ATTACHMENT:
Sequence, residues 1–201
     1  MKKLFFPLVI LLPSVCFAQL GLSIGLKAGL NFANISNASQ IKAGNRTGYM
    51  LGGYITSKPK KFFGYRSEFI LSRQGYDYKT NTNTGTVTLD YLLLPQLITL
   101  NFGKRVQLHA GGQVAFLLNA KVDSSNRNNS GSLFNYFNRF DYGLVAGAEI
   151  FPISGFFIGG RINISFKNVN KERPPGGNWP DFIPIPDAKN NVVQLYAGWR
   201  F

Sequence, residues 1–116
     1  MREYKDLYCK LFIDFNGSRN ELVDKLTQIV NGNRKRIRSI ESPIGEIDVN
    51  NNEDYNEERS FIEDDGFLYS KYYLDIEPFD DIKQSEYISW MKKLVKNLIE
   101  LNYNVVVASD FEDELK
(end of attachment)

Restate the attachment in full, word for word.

Sequence, residues 1–201
     1  MKKLFFPLVI LLPSVCFAQL GLSIGLKAGL NFANISNASQ IKAGNRTGYM
    51  LGGYITSKPK KFFGYRSEFI LSRQGYDYKT NTNTGTVTLD YLLLPQLITL
   101  NFGKRVQLHA GGQVAFLLNA KVDSSNRNNS GSLFNYFNRF DYGLVAGAEI
   151  FPISGFFIGG RINISFKNVN KERPPGGNWP DFIPIPDAKN NVVQLYAGWR
   201  F

Sequence, residues 1–116
     1  MREYKDLYCK LFIDFNGSRN ELVDKLTQIV NGNRKRIRSI ESPIGEIDVN
    51  NNEDYNEERS FIEDDGFLYS KYYLDIEPFD DIKQSEYISW MKKLVKNLIE
   101  LNYNVVVASD FEDELK